Sociological Science: Recent Research

Studying Online Behavior: Comment and Rejoinder

Kevin Lewis
Ashton Anderson et al.

Sociological Science, January 21, 2015
DOI 10.15195/v2.a2
DOI 10.15195/v2.a3

Comment Rejoinder 0

Kevin Lewis: Department of Sociology, University of California, San Diego
Email: [email protected]

  • Citation: Lewis, Kevin. 2015. “Studying Online Behavior: Comment on Anderson et al. 2014″ Sociological Science 2: 20-31.
  • Received: September 19, 2014
  • Accepted: Spetember 29, 2014
  • Editors: Jesper Sørensen, Stephen L. Morgan
  • DOI: 10.15195/v2.a2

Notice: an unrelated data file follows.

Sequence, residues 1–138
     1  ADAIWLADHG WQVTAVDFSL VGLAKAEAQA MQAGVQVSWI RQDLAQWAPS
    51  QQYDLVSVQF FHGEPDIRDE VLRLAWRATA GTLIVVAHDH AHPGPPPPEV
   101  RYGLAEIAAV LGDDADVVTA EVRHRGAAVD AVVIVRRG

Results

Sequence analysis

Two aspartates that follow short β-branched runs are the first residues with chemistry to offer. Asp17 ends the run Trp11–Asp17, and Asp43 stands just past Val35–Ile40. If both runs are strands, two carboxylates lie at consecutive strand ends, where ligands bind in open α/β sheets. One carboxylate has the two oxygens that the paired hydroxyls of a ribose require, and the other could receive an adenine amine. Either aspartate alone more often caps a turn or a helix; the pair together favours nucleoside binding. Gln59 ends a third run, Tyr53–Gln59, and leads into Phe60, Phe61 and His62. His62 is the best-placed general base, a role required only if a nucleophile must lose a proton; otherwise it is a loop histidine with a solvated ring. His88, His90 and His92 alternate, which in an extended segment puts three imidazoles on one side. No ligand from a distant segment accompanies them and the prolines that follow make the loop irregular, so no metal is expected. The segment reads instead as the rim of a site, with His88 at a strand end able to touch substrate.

Ashton Anderson: Department of Computer Science, Stanford University
E-mail: [email protected]

Sharad Goel: Department of Management Science and Engineering, Stanford University
Email: [email protected]

Gregory Huber:  Department of Political Science, Yale University
Email: [email protected]

Neil Malhotra:  Graduate School of Business, Stanford University
Email: [email protected]

Duncan J. Watts:  Microsoft Research
Email: [email protected]

  • Citation: Anderson, Ashton, Sharad Goel, Gregory Huber, Neil Malhotra, and Duncan J. Watts. 2015. ” Rejoinder to Lewis” Sociological Science 2: 32-35.
  • Received: November 13, 2014
  • Accepted: November 17, 2014
  • Editor: Jesper Sørensen
  • DOI: 10/15195/v2.a3

Original Article 


Disability and the Worlds of Welfare Capitalism

Rourke O’Brien

Sociological Science, January 12, 2015
DOI 10.15195/v2.a1